Furthermore, the communities also indicated lack of information as an obstacle for utilization of maternal and newborn services. This is consistent with studies done in Ethiopia [40] and Bangladesh [45]. As recommended by other researchers [38], community awareness interventions on the health facility delivery and birth preparedness promotion are required. The use of village health teams that has been indicated as a key intervention in translating health information to the rural communities should be strengthened in these communities [19, 46, 47].

Evidence from this study has indicated that the poor services at the health facilities, financial and transport problems, therefore, make women prefer giving birth at TBAs’ homes to health facilities since their (TBAs) services are nearer to them and the cost involved are not a burden to them. This linkage has also been highlighted in some of the studies done in LMICs [38, 45]. In fact, the role of the traditional birth attendants in helping mothers deliver in these rural communities was appreciated, a perception that has been reported in other studies [38, 39]. This, therefore, indicates the importance of addressing both facility and community challenges if the country is to improve skilled service utilization, which has been indicated as a cornerstone for reducing maternal and newborn death.

Study strength and limitations

The strength of this study is that it uses baseline and follow-up data to assess the changes in the availability of services, supplies, and staff. In addition, the study combines both facility and community factors that influence the quality of care and service utilization, which is key in providing solutions aimed at addressing both demand and supply problems. The limitation of this study is that data were collected from rural health facilities and communities of Eastern Uganda. However, since most of the health facilities are in rural communities and often share same characteristics, these results will provide evidence on the state of maternal and newborn healthcare services in rural facilities.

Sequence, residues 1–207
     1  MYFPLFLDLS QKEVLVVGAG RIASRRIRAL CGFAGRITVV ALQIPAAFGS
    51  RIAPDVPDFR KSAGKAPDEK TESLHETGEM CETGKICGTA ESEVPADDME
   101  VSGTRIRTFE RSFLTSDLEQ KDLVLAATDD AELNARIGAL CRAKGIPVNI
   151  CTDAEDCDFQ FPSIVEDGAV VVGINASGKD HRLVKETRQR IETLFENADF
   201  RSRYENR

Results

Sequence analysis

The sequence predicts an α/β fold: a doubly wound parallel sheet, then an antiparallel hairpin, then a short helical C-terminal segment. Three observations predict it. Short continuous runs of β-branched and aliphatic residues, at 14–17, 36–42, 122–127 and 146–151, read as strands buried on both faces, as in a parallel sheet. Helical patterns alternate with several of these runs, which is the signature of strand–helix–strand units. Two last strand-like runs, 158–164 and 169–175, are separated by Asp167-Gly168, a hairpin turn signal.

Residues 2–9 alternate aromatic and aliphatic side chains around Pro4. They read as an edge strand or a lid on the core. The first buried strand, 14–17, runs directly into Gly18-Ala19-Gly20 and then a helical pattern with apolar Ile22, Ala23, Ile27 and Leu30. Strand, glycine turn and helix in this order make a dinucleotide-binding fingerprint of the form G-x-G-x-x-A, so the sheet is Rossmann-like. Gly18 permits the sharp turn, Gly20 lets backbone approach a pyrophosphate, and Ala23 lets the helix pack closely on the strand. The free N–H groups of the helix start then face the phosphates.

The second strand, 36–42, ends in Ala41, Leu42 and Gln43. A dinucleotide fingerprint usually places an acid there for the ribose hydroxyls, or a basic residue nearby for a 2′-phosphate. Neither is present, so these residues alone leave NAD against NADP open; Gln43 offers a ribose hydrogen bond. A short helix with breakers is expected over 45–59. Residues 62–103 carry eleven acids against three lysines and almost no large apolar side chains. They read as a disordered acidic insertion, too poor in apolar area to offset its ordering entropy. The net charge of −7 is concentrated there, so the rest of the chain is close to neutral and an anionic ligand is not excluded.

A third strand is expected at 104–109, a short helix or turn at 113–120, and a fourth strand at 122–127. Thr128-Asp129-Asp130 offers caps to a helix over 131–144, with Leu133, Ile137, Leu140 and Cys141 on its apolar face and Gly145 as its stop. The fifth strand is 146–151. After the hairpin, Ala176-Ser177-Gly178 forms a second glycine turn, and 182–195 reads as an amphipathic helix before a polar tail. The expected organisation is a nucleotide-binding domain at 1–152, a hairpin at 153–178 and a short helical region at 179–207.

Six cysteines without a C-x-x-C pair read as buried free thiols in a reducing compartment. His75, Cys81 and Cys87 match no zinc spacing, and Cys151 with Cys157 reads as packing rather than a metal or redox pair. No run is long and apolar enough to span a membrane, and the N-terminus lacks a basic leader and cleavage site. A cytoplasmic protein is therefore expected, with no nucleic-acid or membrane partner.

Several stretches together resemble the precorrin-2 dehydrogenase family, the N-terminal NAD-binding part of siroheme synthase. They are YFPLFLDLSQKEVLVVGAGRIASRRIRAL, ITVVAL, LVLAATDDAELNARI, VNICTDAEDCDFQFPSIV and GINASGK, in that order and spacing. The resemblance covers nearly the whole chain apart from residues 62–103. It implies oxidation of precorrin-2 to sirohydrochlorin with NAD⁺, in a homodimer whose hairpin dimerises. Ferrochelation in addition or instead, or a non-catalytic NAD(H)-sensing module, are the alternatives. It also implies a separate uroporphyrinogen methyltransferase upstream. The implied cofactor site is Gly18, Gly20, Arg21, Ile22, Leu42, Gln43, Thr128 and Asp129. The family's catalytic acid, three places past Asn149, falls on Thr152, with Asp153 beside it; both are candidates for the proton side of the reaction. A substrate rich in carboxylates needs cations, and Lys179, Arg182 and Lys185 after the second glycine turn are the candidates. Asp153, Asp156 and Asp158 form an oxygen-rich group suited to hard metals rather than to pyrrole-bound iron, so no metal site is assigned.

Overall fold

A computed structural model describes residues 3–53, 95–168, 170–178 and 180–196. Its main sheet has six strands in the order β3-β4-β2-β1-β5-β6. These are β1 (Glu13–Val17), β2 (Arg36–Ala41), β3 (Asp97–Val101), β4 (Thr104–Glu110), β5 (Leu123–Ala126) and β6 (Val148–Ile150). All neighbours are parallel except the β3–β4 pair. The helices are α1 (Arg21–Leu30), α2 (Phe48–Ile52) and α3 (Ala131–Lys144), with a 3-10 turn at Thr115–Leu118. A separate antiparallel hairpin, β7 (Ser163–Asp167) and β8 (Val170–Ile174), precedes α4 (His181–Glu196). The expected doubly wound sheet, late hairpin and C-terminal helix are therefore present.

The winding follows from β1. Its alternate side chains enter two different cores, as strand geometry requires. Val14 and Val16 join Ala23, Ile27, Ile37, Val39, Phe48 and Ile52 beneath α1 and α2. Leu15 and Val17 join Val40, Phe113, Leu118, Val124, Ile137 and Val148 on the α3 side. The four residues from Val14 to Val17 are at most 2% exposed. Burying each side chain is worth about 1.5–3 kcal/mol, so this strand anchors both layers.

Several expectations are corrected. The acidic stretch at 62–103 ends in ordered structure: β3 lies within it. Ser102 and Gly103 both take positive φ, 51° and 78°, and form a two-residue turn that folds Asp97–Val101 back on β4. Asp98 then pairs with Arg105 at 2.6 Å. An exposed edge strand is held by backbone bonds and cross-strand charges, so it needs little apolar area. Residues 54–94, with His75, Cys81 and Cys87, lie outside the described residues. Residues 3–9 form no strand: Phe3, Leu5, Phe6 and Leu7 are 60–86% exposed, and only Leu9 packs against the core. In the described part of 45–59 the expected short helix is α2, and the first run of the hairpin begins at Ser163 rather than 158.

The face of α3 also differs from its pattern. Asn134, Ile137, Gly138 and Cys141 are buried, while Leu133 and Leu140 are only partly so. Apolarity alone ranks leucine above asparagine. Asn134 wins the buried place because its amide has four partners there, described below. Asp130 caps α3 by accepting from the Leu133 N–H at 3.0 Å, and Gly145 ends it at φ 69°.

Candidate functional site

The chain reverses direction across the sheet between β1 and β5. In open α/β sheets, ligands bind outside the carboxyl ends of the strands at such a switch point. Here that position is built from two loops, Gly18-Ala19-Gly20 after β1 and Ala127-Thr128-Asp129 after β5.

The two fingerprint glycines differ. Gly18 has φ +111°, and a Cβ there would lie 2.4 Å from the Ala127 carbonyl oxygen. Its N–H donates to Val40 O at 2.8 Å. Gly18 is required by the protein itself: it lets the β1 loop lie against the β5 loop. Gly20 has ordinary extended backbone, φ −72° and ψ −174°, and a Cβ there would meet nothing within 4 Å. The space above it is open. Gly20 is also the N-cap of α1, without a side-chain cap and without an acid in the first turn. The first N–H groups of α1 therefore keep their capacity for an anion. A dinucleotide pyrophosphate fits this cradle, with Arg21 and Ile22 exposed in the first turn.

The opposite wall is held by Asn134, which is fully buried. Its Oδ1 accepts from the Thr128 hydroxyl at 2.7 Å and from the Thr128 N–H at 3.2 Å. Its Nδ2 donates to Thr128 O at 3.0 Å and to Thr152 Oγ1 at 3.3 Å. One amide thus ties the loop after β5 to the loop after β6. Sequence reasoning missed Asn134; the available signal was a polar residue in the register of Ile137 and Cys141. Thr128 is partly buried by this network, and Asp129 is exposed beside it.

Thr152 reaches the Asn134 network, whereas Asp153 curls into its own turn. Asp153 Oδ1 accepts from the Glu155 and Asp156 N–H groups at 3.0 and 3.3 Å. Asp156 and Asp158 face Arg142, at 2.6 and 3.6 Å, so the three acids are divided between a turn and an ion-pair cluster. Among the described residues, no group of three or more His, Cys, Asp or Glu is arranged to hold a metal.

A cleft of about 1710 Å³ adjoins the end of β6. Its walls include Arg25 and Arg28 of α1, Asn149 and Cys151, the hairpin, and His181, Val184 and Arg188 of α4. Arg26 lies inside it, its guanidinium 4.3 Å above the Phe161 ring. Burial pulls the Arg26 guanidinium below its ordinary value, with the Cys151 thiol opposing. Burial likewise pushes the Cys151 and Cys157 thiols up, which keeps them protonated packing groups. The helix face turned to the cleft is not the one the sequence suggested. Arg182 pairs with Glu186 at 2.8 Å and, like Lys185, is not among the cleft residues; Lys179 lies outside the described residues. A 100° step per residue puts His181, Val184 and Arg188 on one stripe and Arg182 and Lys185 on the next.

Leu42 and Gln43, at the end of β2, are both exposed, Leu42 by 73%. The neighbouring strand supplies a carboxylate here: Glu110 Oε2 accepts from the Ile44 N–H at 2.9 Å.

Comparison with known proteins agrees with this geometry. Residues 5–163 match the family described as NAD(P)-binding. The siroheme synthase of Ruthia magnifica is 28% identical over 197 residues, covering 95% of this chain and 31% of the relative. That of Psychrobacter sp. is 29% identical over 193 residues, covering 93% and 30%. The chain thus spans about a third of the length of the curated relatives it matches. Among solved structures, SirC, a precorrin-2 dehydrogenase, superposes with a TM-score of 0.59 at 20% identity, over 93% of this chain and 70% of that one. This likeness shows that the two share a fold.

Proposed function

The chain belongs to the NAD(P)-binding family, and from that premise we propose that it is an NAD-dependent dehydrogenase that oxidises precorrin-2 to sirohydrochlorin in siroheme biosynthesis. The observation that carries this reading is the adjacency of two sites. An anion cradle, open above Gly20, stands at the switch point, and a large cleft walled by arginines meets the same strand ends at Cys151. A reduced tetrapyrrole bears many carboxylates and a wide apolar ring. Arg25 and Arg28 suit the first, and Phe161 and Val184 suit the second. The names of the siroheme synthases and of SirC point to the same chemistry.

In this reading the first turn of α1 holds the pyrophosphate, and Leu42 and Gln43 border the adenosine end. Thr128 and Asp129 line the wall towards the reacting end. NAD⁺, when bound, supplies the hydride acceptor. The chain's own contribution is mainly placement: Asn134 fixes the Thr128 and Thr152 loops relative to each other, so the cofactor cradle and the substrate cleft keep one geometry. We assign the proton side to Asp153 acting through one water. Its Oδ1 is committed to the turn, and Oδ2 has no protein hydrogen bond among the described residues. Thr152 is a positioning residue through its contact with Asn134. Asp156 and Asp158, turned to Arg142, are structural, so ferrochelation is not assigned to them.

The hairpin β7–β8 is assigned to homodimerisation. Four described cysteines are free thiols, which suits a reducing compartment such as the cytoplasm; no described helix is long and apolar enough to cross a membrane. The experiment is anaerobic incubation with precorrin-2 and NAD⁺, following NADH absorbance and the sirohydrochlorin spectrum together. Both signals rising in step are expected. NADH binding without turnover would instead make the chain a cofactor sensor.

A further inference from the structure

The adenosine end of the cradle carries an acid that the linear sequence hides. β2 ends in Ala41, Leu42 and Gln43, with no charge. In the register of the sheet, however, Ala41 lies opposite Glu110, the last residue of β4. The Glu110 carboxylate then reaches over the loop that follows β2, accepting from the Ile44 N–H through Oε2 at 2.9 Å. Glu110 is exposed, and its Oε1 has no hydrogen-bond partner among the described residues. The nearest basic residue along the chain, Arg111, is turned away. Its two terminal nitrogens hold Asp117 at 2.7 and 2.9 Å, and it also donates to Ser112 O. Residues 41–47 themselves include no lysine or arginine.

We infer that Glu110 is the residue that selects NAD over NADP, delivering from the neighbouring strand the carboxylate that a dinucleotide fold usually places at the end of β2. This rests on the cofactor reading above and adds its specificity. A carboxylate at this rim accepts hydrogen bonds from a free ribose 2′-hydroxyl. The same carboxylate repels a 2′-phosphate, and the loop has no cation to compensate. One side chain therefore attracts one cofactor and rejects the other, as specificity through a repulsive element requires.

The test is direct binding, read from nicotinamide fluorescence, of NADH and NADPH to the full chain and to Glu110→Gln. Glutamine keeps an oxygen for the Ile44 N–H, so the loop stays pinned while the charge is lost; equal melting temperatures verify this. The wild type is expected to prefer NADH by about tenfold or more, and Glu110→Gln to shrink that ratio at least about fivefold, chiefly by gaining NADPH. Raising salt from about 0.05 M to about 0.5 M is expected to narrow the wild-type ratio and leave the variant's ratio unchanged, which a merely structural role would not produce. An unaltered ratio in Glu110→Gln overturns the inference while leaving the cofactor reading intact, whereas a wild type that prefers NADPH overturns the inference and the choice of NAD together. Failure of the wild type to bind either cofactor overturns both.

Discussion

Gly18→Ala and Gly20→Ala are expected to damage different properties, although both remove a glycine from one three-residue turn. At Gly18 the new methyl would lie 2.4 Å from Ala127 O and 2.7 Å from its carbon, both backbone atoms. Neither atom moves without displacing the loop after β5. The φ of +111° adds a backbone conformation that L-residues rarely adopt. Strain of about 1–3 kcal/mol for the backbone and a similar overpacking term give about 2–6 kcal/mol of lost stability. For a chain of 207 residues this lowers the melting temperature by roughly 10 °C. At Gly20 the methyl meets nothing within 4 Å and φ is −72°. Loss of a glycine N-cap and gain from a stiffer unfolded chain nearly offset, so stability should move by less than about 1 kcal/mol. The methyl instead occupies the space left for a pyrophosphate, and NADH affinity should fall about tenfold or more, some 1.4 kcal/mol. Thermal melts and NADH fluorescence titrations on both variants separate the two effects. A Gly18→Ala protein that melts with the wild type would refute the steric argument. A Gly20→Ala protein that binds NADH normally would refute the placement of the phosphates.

Conclusion

Although the user fee was abolished in all public health facilities in Uganda, the itching questions are: What is the quality of care at public health facilities? and how accessible are the healthcare services? The study has highlighted inadequacy in healthcare coverage resulting mainly from the poor quality of services and poor transport systems. Therefore, for universality of maternal and newborn services particularly in rural communities, there is a need to improve the quality of care and transport systems at community and health facility level. Drugs and equipment that are necessary at the time of birth should be sufficiently available. In addition, an interactive system that involves key stakeholders to monitor and provide appropriate measures such as resources and policies should be put in place.

Abbreviations

ANC: 

Antenatal Care

APH: 

Antepartum haemorrhage

CEmOC: 

Comprehensive Emergency Obstetric Care

FGD: 

Focus Group Discussions

KIs: 

Key Informant Interviews

LMICs: